Hi again John. I wonder if you could answer a question reagrding this statement please. How do you know that Tycho is not supposed to look like this, but Aristarchus is? Many thanks



Tycho is a crater.

Aristarchus is a nuclear reactor.

Therefore Aristarchus should have a much brighter signature on an infra red photo than Tycho.



posted on Aug, 9 2007 @ 01:39 PM
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Originally posted by Havalon
[/img]

There ya go!

Here is another angle of Aristachus taken by Torbay Astronomical Society


What I am curious about, and if John is around perhaps he could comment,
is what about Tycho - is this the propulsion outlet, once the crater slides open?
It is the hottest on infra red!


Hi Havalon,

Do you have any connection with the Torbay Astronomical Society or was this image just pulled of the web somewhere ?

You see I find this a bit disturbing that a small observatory (19" Telelescope) with what would appear to be an amateur membership in a quaint seaside town would be doctoring images of the Moon.

Although I suppose it could be that there photography or photographic equipment is creating an inverse effect regarding depth perception.

Hi, John,

Actually I had read the artificial Moon theory, and frankly I love it, but I was trying to creep up on it so to speak.


What I wanted to do was to address each component of it individually and see if anyone wanted to comment or had answers to the evidence presented.

For anybody who is not familiar with it you can read a copy here:

www.piscesallmedia.com...



posted on Aug, 9 2007 @ 01:41 PM
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Originally posted by johnlear
Originally posted by RedEyes





Hi again John. I wonder if you could answer a question reagrding this statement please. How do you know that Tycho is not supposed to look like this, but Aristarchus is? Many thanks



Tycho is a crater.

Aristarchus is a nuclear reactor.

Therefore Aristarchus should have a much brighter signature on an infra red photo than Tycho.


Thx for the reply John. I had a feeling you might say that. I'll be more clear. Why do you believe that Aristarchus is a nuclear reactor and not Tycho?



posted on Aug, 9 2007 @ 02:23 PM
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Originally posted by jamestkirk
this is the only moon photo that i actually can perceive some sort of structure and is the most compelling evidence for me. i have a hard time with the copernicus photo's.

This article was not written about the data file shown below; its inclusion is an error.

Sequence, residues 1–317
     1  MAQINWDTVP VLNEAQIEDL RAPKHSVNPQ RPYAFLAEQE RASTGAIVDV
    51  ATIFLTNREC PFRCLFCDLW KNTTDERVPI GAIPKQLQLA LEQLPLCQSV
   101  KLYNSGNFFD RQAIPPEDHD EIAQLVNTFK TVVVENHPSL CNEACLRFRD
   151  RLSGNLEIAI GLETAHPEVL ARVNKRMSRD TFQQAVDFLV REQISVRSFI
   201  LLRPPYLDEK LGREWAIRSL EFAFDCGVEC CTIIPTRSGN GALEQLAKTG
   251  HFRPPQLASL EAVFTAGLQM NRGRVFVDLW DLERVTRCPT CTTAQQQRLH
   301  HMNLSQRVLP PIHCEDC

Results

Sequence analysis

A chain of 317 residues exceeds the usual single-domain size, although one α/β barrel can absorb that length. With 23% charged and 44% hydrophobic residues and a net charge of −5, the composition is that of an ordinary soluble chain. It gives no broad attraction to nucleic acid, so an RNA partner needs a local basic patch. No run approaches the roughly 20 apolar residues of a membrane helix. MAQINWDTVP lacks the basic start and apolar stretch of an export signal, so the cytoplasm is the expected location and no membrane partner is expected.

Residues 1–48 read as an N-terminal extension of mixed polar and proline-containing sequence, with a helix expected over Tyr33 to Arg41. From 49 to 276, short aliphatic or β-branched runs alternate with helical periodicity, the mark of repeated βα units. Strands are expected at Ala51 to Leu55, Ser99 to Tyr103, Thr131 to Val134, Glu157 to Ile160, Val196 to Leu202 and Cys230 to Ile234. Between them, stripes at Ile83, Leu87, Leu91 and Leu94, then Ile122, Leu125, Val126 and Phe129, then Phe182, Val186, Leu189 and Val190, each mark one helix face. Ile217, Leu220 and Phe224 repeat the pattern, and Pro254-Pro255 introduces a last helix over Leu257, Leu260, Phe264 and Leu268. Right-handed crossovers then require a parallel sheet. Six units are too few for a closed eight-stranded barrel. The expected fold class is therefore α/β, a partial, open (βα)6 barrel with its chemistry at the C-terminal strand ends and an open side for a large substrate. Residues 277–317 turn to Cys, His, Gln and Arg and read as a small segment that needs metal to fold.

Well come on over to my house, Cap't and I will take you on a tour of Copernicus


hhhmmm, seems kinda hard to do once you're out of fuel and spinning??


Curious that isn't it? Well tomorrow I will toss in the whole story. Have a little job to finish in the next couple hours...

BUT Clementine left the Moon after it finished it's mission and headed to an Asteroid "Geographicos" on the way there it had issues and lost its fuel, lost its computer, lost its thrusters (depending on which version you read
) went into a spin so they had to cancel the asteroid mission because the images would be useless and then they sent it back to earth where it went into orbit, did work on the Van Allen belts and then went into a solar orbit... returning to earth 2005-6... I do not know where it is right now...

Uh huh yeah sounds like thats right.... I will fill in details tomorrow... your gonna love it!


I have more on Aristarchus too... so hang tight.... but one thing I want you to think about.... is that "The Lights Are Not Always On"

I will explain that tomorrow but think about it... it would explain much




OH! One last note about "Hot" spots... there is a LOT of Thorium lying about Tycho crater


I'll be back

{just what I need..... another #^(*&%^&)_) moon thread to work on....)

:shk:

[edit on 9-8-2007 by zorgon]



posted on Aug, 9 2007 @ 02:45 PM
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Indeed the only reason for any vairance of tempature on the surface of the moon, that I can see, is related to the prime meridian lines. And even then I am not too sure because there is no atmosphere so I think the temp should be the same all over reguardless of the amount of time the sun hits moon surface...BUT maybe the standard atmosphereic logic applies and the longer the sun hits moon surface the more it heats up...Applying this logic the heat should be evenly distributed Prime meridian wise(Yea I confuse long and lat anyways) SO it makes no sense that craters on the bottom should be hotter then craters on the top...

Understand the inconsistency I'm trying to relate?